The 34-26 Raptors kick off a tough road back-to-back on Sunday night at 7 p.m. against the 31-30 Timberwolves on Sportsnet One. I know, I know, everyone’s going to be watching whatever they call the Geminis these days, but the game will still take place. From there, it’s off to Brooklyn for a relatively important road game on Monday against the Nets.
One day at a time, though, so let’s break down Kevin Love and company. When Minnesota visited in mid-January, the Raptors surprised with a 94-89 victory, holding Kevin Love to 7-of-19 shooting in the process, one of his worst outings of the season. Maybe it was the camo jerseys. Maybe he was out too late at Les Mis the night before. Whatever the case, it’s unlikely Love has another bad outing and it’s equally unlikely the Wolves go ice-cold from long range again. The work is cut out for the Raps.
While the Wolves don’t allow in inordinate amount of close looks, they do surrender the league’s highest opponent FG% within five feet. Is that a result of exploitable individual post defenders or more a lack of help defense being unable to cover when penetrators get past the first defender?
Their pick and roll defense has been really poor this year because they’re not stopping dribble penetration in that second level of the defense. They allow the initiator to get too deep into the middle of the defense and then it’s either a layup or it’s a dump down. The post defense has been good enough this season. The weird thing is the fouling situation. Pekovic and Love simply don’t foul guys. With Love it’s a concerted effort not to foul and he’ll end up not contesting shots to avoid fouls.
It’s a strategy that keeps their foul rate down (I think they’re best in the league at that) which helps their defensive rating overall. But ultimately it makes the defense look bad and causes them to look like saloon doors around the basket.
If the 2013-14 Wolves season were a movie, what movie would it be?
The Wolves would be the movie Snake Eyes. Snake Eyes had all of the components of a great movie. Nic Cage was a big star at the time, Gary Sinise is a brilliant actor. Carla Gugino is ridiculously hot. You’ve got a great storyline of a conspiracy and needing to break down why a murder happened and who is involved with all kinds of plot twists.
And yet it simply doesn’t work. It’s a very rewatchable and entertaining movie. You’re not mad that you experience it. But you walk away from it thinking, this just needs to be more.
While rare, Kevin Love does, occasionally, have an off night on the offensive end. Are those just cold shooting nights, or is there something specific defenses can exploit to try and shut him down?
Love had 19 points against the Knicks the other night in a loss and just looked terrible. He short-armed some shots in the post and admitted after the game that he simply didn’t feel right with the ball in his hands. That it felt weird. Anybody who has played basketball knows that feeling can happen. But there are things a defense can do to get him off his game.
The key is being physical with Love when the refs aren’t calling a lot of fouls. Love thrives on having space for outside shots and getting to the free throw line. There are times when guys like Amir Johnson play Love extremely physical and if he’s not getting the calls, he has a hard time adjusting his game. He’s better about it this season but it’s still an occasional issue.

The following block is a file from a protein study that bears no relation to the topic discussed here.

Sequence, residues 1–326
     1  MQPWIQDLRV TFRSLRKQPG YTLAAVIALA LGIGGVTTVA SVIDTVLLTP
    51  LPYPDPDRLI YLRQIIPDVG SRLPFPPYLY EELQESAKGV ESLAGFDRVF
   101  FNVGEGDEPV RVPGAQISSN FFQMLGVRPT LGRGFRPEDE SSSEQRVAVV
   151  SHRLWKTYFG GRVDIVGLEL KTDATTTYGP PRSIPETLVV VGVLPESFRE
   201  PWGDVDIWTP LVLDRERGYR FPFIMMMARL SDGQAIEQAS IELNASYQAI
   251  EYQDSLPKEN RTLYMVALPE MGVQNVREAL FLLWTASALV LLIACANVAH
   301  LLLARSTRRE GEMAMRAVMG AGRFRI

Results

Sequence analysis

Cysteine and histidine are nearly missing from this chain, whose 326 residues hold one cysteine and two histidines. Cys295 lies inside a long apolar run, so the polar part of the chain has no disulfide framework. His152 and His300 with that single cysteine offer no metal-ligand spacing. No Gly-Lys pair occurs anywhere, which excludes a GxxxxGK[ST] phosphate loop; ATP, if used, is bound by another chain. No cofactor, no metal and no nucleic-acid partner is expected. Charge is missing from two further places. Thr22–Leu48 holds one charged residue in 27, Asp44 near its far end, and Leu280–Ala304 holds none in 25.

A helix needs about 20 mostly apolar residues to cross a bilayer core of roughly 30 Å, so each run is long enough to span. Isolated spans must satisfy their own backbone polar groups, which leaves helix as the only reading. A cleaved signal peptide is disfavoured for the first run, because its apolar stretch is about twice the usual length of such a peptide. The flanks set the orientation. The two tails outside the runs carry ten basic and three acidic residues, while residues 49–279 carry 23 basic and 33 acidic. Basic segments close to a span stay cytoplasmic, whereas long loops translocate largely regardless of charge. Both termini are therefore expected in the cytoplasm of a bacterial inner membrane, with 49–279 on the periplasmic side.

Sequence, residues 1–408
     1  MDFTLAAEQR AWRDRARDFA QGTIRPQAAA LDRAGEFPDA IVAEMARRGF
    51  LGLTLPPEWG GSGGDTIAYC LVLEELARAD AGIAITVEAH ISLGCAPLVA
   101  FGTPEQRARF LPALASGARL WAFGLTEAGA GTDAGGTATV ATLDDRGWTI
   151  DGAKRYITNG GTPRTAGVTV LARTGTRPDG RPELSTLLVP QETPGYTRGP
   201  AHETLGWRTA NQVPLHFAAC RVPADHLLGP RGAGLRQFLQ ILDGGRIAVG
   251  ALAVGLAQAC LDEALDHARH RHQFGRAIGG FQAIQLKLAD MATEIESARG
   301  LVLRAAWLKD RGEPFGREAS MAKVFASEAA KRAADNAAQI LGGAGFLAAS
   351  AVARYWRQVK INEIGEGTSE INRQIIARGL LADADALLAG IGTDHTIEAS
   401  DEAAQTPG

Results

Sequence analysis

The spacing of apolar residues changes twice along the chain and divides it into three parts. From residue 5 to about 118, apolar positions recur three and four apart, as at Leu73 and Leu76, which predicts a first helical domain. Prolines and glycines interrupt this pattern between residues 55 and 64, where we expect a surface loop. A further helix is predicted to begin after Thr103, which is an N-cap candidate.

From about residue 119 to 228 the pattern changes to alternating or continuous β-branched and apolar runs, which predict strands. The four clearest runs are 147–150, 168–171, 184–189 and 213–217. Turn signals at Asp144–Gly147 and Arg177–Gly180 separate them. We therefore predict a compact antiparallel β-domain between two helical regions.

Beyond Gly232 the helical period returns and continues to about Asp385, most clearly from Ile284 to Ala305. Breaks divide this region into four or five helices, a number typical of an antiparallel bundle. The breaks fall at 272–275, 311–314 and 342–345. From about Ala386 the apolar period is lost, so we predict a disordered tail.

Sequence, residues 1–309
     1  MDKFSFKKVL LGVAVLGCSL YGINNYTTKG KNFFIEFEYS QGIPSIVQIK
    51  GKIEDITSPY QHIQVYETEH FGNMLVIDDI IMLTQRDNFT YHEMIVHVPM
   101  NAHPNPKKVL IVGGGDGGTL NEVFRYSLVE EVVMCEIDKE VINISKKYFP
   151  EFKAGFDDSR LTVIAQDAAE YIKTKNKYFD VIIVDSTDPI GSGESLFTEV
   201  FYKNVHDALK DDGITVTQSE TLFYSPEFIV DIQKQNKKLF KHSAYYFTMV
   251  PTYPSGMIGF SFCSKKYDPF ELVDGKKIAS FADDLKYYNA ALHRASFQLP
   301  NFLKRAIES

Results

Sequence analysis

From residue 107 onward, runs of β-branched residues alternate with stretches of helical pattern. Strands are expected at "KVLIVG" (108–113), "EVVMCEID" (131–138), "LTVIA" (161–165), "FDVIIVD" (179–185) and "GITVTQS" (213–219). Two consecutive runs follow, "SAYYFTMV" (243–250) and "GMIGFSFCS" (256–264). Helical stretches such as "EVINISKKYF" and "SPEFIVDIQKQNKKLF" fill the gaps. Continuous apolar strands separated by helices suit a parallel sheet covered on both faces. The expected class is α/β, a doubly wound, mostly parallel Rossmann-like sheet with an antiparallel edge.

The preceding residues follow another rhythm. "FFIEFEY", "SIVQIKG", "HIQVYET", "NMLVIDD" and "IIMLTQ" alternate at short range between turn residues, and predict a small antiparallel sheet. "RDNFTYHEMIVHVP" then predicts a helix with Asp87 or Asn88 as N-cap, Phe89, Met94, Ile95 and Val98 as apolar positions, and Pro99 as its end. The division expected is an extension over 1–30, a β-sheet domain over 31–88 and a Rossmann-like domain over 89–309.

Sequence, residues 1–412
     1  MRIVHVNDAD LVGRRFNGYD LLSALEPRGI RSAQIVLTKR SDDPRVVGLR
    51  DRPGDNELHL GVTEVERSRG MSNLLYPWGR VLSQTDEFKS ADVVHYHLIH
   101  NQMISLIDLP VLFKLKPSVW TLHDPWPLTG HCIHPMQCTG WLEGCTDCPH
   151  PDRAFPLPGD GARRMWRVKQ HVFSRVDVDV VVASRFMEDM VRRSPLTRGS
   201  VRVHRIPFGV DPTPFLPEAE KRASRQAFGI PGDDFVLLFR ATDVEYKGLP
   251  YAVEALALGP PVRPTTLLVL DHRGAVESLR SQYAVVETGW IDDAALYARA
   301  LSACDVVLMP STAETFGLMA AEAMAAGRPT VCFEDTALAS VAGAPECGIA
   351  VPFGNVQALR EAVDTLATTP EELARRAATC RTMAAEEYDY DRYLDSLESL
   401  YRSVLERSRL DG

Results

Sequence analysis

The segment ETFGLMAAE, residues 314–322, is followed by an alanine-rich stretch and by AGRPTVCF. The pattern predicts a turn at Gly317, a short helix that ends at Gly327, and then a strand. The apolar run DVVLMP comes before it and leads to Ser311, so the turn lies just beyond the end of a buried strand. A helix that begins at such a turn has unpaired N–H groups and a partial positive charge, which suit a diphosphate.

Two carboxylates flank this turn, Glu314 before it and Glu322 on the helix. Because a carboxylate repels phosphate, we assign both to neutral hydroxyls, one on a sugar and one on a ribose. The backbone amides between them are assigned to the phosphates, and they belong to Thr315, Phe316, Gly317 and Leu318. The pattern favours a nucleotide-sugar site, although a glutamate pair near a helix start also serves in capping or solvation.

Ricky Rubio famously told Alexey Shved to change his face. If you could have any two NBA players switch faces in a Face-Off experiment, whose faces would you switch?
JJ Barea and Andre Miller. It would be really tough because you really need to change their bodies and especially their asses. Miller’s ass is a huge weapon for him on the court because he knows how to use it to create space. Barea is good at creating space for shots inside but he really needs as much space as possible to be effective. Also he could be a better decision maker. Ideally, Miller would be their backup point guard.
True or False: The Wolves would be the 3-seed in the Eastern Conference?
True. If you look at a lot of the advanced team numbers, the Wolves are like the 13th best team in the NBA. Unfortunately 10 of those teams ahead of them are in the West. Put them in the Central or the Atlantic and they’d feast on the weaker competition, licking up the 3-seed in a season like this. But unfortunately they’re in the West and they just don’t have quite enough to be what they need to be out there.
Vegas says: Wolves by 4.5 with 57 percent of the action going their way; 60 percent like the over at 206.5
Hollinger says: Wolves by 3.5
Minnesota’s finest rock export, Soul Asylum, says: Say what you will, Clarnece…Karl sold the truck
Blake says: Zach’s point about bodying up Love is an important one, and the Raptors are in a good position to try and do so. Johnson and Tyler Hansbrough can try and bang with him, and even Chuck Hayes is an option, though he’d be in trouble if Love put the ball on the floor. Offensively, getting Patrick Patterson involved should prove helpful, forcing Love to either work or give up on late contest situations, which 2-Pat can help provide with his abilities in the pick-and-roll.
Not to focus everything on one player, but Love’s obviously the key. Kyle Lowry had a strong game last time, though it was mostly due to hot shooting rather than exploiting the lack of a second layer of defense. DeMar DeRozan can’t settle for mid-range shots like he did in their last meeting, and he can take a lesson from Terrence Ross, who attacked well against this defense.
There are ways to exploit what the Wolves don’t do well, is what I’m saying. However, I’m feeling pessimistic this morning, and I’m giving the Wolves a seven-point edge. This is a science, obviously, and that number was carefully crafted, not at all determined by how many pancakes I plan on eating.